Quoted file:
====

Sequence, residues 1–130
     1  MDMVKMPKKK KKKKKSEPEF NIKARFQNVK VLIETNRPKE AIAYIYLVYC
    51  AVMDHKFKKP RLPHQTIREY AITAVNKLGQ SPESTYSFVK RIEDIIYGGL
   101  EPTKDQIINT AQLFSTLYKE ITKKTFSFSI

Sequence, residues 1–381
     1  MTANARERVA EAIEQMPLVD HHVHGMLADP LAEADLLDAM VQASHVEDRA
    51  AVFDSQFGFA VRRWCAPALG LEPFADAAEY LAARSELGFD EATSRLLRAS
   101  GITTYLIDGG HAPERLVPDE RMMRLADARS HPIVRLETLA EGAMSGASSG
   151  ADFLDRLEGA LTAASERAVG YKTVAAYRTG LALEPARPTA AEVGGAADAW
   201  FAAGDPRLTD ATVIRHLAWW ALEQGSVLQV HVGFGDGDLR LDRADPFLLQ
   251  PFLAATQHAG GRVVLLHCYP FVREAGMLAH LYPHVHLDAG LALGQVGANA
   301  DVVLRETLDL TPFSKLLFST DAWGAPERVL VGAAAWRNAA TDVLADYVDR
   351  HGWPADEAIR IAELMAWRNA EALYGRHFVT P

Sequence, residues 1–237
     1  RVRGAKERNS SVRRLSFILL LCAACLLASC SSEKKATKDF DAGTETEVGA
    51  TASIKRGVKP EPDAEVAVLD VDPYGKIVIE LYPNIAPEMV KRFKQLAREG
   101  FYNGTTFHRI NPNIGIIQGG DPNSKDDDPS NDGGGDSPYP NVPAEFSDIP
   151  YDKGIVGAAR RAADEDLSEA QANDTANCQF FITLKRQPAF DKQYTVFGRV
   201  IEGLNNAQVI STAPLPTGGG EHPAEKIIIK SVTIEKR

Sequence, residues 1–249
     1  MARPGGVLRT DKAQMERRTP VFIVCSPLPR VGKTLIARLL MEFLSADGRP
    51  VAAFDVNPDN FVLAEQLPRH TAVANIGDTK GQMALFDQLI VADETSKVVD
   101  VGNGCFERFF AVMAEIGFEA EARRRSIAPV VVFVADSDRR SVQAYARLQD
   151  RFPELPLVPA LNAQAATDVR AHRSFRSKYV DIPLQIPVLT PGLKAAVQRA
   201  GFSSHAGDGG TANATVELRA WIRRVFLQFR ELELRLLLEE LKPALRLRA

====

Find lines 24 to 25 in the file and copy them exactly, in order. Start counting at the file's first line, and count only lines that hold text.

   151  RFPELPLVPA LNAQAATDVR AHRSFRSKYV DIPLQIPVLT PGLKAAVQRA
   201  GFSSHAGDGG TANATVELRA WIRRVFLQFR ELELRLLLEE LKPALRLRA